In addition to the three politicians arraigned on May 4, the new court filings mention illegal payments made to a former state senator, named as "Senator B" in court documents, who received over $200,000 from VECO Corp. over several years, income which Senator B reported as "consulting fees." In the May 7 guilty pleas by Allen and Smith, they admit that the only work done by Senator B in exchange for the funds was advancing VECO's agenda in the state legislature.[7] The only former state senator who matches the information contained in court documents about Senator B is former Senator Ben Stevens (R-Anchorage), son of U.S. Senator Ted Stevens (R-Alaska). To date, Ben Stevens has not been indicted.[8] Another state senator discussed in the court documents who later pleaded guilty, was identified as "Senator A." He was John Cowdery.[9] On 3/12/09 ex-state representative Beverly Masek pleaded guilty to taking $4,000 in bribes from Allen.[10]

Allen, Smith resign[edit]

On May 11, 2007 the VECO Corporation announced that CEO Bill Allen and Vice President for Community & Government Affairs Rick Smith had resigned from the corporation. Allen was succeeded as chairman of the board by his daughter, Tammy Kerrigan.[11]

Federal bribery investigations[edit]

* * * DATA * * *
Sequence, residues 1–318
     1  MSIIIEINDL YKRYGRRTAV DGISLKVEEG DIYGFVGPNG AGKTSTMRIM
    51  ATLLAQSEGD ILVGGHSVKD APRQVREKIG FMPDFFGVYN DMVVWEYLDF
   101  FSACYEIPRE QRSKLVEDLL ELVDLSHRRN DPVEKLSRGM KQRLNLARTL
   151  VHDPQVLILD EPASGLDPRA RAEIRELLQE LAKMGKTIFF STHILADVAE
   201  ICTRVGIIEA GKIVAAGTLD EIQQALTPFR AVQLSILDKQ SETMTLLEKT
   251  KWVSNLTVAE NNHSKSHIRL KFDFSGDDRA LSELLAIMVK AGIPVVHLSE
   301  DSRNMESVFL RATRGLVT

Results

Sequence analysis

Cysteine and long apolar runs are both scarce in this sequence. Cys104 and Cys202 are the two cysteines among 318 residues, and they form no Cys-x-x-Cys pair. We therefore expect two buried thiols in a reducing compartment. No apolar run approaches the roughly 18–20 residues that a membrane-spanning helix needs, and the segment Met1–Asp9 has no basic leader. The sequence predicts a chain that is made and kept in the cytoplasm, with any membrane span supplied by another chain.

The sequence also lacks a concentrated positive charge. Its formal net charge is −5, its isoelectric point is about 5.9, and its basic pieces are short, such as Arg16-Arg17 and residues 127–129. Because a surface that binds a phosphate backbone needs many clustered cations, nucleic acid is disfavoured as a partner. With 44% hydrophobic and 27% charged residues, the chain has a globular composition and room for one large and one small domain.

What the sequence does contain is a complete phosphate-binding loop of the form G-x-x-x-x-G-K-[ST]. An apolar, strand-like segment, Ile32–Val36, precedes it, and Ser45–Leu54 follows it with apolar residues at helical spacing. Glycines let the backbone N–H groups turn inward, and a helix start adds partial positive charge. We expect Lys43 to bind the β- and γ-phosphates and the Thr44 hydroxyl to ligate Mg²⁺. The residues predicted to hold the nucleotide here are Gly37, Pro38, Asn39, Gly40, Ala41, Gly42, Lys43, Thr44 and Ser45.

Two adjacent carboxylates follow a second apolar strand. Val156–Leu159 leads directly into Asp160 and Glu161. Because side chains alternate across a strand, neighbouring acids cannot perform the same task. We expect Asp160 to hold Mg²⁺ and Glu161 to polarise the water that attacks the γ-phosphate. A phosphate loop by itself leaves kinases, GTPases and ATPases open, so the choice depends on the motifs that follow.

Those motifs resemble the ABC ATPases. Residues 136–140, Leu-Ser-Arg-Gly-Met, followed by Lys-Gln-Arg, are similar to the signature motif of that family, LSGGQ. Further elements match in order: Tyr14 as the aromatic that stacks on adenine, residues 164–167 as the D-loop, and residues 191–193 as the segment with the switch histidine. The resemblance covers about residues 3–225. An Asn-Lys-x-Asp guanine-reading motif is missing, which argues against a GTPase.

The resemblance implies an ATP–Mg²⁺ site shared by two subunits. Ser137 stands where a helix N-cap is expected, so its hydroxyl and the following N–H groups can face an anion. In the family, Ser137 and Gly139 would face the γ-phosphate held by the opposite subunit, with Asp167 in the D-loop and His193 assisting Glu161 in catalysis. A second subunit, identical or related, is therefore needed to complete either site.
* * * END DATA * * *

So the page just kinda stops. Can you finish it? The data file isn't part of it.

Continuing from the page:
On July 24, 2007, The Wall Street Journal reported that Representative Don Young was under federal investigation for possibly taking bribes, illegal gratuities or unreported gifts from VECO.[12] Between 1996 and 2006, Young received $157,000 from VECO employees and its political action committee. In the first half of 2007, Young spent more than $250,000 of campaign contributions for legal fees.[13]

Alaska State House representatives Beverly Masek, Pete Kott, Bruce Weyhrauch and Vic Kohring were all charged with federal crimes as part of the investigation into VECO.

On May 29, 2007, the Anchorage Daily News reported that the FBI and a federal grand jury were investigating an "extensive" remodeling project at Senator Ted Stevens' home in Girdwood, Alaska. The remodeling work, organized by VECO, more than doubled the size of the home (public records show that the home is now 2,471 square feet (229.6 m2) and valued at about $441,000[citation needed]).[14] The repairs could have cost anywhere between $130,000 and 250,000, and the payments Ted Stevens paid were about $160,000. Stevens' Alaska home was raided by the FBI and IRS on July 30, 2007.[15] Stevens was indicted by a federal grand jury on July 29, 2008 on seven counts alleging that Stevens received hundreds of thousands of dollars in gifts that he did not declare on his US Senate financial disclosure forms. Stevens was convicted on all seven of these charges on October 27, 2008. All the convictions were vacated on April 7, 2009 due to gross prosecutorial misconduct.